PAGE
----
A woman accused fashion brand Coach of intentionally ‘cutting’ unwanted merchandise when part of the company’s website is dedicated to sustainability.
Anna Sacks, who calls herself @thetrashwalker on TikTok, frequently uses her platform to raise awareness about excessive waste in New York City, with the TikTok user often documenting the unused “trash” tossed by drug stores and drugstores. supermarkets.
In her most recent video, uploaded this week, Sacks revealed that she purchased several destroyed Coach handbags from @dumpsterdivingmama, with Sacks claiming that each of the bags was intentionally destroyed, “which is Coach’s policy. “.
“Welcome to my first unboxing video,” Sacks began, holding up several ruined handbags. “So excited to show you all the Coach handbags I bought at @dumpsterdivingmama. As you can see they are all cut, which is Coach’s policy.
“This is what they do with unwanted goods, they order an employee to cut them deliberately so that no one can use them.”
According to Sacks, the fashion company would then have written off the destroyed merchandise as a “tax deduction”, with the TikTok user claiming the depreciation is “in the same tax loophole as if it had been accidentally destroyed.”
Sacks then admitted that Coach had a repair program for her bags, with the TikToker explaining that she would attempt to take the bags to the designer and request that they be repaired.
“Because, according to their website, they really care about the circular economy and sustainability,” Sacks continued. “This is a publicly traded company, but nowhere is it disclosed.”
The video then saw Sacks sharing a screenshot of the part of the website dedicated to Coach’s commitment to mending bags, which reads, in part, “So don’t give it up, fix it – c is another little thing we can do to keep the bags outside. landfill and reduce our impact on the environment ”.
Sacks concluded the viral video using a statement from the brand’s website, sarcastically adding, “Coach is working to make fashion circular.
On Coach’s website, he explains that the brand is dedicated to making products that last because “we believe that things better done create a better future for all.”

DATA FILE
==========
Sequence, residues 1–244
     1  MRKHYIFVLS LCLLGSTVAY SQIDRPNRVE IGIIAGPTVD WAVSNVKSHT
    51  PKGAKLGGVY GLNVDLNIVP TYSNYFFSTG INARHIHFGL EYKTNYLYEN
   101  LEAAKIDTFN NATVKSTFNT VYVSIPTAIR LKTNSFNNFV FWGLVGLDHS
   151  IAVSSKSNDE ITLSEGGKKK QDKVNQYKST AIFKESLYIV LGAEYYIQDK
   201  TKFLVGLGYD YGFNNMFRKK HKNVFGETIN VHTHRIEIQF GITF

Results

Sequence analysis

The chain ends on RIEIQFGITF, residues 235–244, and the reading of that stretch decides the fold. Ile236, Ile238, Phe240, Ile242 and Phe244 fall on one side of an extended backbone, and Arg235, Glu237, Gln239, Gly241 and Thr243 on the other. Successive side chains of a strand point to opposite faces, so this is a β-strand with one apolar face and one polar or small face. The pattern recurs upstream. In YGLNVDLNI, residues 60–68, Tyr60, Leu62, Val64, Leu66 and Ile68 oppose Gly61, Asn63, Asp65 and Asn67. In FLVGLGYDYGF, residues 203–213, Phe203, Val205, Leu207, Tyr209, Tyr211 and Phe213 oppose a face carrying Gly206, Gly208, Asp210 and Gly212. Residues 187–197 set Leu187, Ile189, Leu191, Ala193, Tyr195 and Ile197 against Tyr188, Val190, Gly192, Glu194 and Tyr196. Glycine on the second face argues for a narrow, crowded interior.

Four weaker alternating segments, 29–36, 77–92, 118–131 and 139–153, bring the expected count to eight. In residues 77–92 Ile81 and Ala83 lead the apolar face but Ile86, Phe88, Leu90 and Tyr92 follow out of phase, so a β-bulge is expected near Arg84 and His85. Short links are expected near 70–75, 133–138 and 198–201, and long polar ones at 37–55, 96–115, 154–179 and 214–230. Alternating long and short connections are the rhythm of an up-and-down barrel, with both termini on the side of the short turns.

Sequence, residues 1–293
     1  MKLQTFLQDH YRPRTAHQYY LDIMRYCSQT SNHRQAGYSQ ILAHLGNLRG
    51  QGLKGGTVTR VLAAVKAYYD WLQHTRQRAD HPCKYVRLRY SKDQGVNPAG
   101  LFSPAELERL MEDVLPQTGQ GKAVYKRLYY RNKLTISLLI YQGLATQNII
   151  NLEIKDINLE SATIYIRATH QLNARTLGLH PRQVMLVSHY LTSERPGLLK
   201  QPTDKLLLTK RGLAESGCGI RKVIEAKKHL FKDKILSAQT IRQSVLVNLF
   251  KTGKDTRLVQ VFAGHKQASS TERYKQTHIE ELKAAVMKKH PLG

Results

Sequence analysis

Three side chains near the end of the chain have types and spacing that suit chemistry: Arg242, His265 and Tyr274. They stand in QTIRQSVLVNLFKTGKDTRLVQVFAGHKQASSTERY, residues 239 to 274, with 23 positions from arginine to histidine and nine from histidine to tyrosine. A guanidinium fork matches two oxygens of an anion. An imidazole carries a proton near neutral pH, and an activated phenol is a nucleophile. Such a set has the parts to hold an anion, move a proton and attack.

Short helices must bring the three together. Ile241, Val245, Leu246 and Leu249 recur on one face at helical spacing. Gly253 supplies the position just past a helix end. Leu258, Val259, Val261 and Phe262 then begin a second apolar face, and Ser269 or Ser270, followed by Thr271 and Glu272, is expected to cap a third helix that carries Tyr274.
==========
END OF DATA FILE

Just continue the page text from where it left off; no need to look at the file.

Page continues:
“Why? Because keeping and wearing what you buy for longer (even a few months) lessens the impact it has on the planet,” the company says in the liability section of its website, adding that it is ” proud ”to be named one of Barron’s 2020 Most Sustainable Companies in America.
On Monday, Sacks’ video was viewed more than 1.9 million times, with viewers expressing disappointment with the brand in the comments.
“Thank you for calling on companies for their environmental impact! @Coach be better! ”One person commented.
Another said: “Making companies responsible, I like that for us. “
However, as many other viewers have pointed out, Coach is not the only brand to intentionally destroy merchandise, as other high fashion brands such as Burberry have previously destroyed unsold clothing to “preserve its reputation as exclusivity, ”according to a 2018 Vox report.
The report also found that brands such as H&M and Nike have already destroyed unsold merchandise.
One viewer claimed Coach would not be destroying any more merchandise as of this year, however, the TikTok user writing: “Coach Retail has stopped reducing damage this year. They are now being sent for repair or reuse “and that the new program is” not yet in the factory outlets “.
“But even these bags were probably deemed unsaleable or irreparable,” they continued. “No one has enough product to destroy anything salable.”
The independent has contacted Tapestry, the owner of Coach, and Sacks for comment.